And be playful. Crack a joke. Be silly. Playfulness is an attractive trait. Here’s a line from the bio of my client, Jared, who is getting a LOT of matches on Hinge:
“Just so you know, I’ve been in jail – but it was during a Monopoly game. ;)”
If you show your passions, your personality, and playfulness, it’s hard NOT to get matches and dates.
What makes for a bad bio?
Avoid clichés! Don’t write, “Giving this a try” or “seeking a partner in crime” -- unless you’re an actual bank robber. Generic greetings like “Whattup?” will fall flat.
Another turn-off? Writing “I’m bad at bios.” Would you buy an iPhone if Apple’s slogan was “We’re bad at technology”?
And no quoting your favorite movie or TV show. Great, you like “The Office”—most of humanity does.
Follow the three Ps to get more matches, more dates, and to start making online-dating fun!
OK, what’s the biggest mistake in writing a bio that most guys don’t even know they’re making? I must be doing something wrong, because I DO get matches with women, but they either don’t send that opener, on Bumble, or they don’t reply at all. Help!
—Niko, 33, Tallahassee
Great question, Niko.
There’s one simple but powerful thing that almost NO guys do, and it helps so much in terms of getting women writing to YOU… especially on Bumble. But it’s also an effective strategy on Tinder, Hinge, or just about any app.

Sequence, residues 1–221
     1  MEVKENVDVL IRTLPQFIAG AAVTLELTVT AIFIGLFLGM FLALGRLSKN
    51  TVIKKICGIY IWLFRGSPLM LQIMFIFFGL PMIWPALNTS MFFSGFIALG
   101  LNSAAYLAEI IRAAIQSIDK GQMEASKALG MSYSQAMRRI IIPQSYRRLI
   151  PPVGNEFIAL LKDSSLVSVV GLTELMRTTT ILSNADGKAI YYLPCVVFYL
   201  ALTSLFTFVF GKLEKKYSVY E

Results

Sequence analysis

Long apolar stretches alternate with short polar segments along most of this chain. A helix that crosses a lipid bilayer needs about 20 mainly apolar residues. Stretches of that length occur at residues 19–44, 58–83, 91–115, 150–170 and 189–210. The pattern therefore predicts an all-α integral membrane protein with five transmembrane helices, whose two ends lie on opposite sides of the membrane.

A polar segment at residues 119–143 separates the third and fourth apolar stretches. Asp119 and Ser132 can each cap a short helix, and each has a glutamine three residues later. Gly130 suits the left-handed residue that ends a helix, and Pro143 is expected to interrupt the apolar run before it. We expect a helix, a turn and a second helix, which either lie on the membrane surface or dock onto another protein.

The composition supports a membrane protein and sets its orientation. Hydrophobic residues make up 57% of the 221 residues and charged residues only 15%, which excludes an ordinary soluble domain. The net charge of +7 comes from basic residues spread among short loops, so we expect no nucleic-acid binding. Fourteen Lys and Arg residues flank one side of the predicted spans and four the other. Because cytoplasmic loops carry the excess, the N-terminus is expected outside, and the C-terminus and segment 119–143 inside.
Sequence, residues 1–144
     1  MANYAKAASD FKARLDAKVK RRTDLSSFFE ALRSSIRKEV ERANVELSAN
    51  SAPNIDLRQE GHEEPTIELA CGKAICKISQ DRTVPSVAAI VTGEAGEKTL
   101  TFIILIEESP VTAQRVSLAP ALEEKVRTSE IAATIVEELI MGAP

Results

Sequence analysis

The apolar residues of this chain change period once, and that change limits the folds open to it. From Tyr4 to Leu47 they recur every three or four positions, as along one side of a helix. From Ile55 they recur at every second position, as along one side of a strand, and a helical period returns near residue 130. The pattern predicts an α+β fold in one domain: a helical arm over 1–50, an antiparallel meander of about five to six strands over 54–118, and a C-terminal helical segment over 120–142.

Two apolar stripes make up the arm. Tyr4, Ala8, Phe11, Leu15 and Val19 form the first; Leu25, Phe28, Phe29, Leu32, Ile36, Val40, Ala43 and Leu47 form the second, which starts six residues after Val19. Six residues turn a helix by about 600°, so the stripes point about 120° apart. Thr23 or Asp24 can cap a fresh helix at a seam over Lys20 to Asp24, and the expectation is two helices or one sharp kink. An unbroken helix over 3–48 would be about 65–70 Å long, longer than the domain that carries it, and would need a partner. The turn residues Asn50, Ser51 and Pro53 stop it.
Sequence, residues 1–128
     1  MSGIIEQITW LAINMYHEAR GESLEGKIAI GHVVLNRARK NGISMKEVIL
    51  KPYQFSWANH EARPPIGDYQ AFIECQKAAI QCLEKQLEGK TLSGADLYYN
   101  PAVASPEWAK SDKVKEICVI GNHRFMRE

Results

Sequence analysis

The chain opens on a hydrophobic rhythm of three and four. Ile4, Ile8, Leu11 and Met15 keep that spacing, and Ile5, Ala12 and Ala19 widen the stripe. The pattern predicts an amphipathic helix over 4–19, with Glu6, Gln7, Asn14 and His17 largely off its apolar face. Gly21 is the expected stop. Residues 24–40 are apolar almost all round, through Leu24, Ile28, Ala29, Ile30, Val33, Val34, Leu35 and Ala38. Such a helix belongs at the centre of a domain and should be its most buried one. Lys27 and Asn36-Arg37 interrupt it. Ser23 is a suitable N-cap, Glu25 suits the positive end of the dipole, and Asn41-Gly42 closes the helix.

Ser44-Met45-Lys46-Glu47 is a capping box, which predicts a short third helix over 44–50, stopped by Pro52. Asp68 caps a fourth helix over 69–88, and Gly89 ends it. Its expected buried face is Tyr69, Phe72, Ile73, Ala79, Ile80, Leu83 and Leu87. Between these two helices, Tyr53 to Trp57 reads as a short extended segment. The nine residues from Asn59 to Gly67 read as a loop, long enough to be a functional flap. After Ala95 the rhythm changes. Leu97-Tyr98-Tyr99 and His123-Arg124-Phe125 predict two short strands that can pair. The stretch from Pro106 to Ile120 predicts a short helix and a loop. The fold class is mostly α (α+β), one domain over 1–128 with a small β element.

You want to include a “Call to Action” somewhere on your profile, ideally at the end of your bio. (But you can also put the Call to Action” in as a prompt.)
End your bio with a fun Call to Action that compels her to match with you, and also helps her know what to write. This is especially important on Bumble, where women send the first message; you’re helping her write her opener to you.
“Would you rather” questions work well because they’re playful and easy to answer. Such as, WYR…
…have dinner with Lennon or McCartney?
…shower in Evian or swim in Cristal?
…date the Tin Man or Scarecrow?
…eat a potato, or BE a potato?
Calls to Action can simply tell her what you want her to do, the same way we’re all told to “Call now!” or “Like and subscribe.”
The secret? Make her WANT to swipe, by mentioning something fun to talk about.
“Swipe right if you love Ben & Jerry’s.”
“Swipe right if you’re too sexy for this app.”
“What kind of puppy should I get? Message me!”
“Tell me . . . Thin-crust or deep-dish? (Pressure. There IS a right answer.)”
Start using a call to action, and you’ll soon be getting a lot more “action,” in terms of messages and options.
Connell Barrett is a NYC dating coach for men. He's helped men all over the world discover how to find the women of their dreams through dating app tips for guys and authentic dating advice. His work has been featured on Access Hollywood and the Today Show. In addition, you can find him in Maxim, O Magazine, and Cosmopolitan. Read his book Dating Sucks But You Don't.
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I'm dating coach Connell Barrett. I help men build confidence and connect with women by being authentic!
NYC Dating Coach Connell Barrett
106 W 32nd St, New York, NY 10001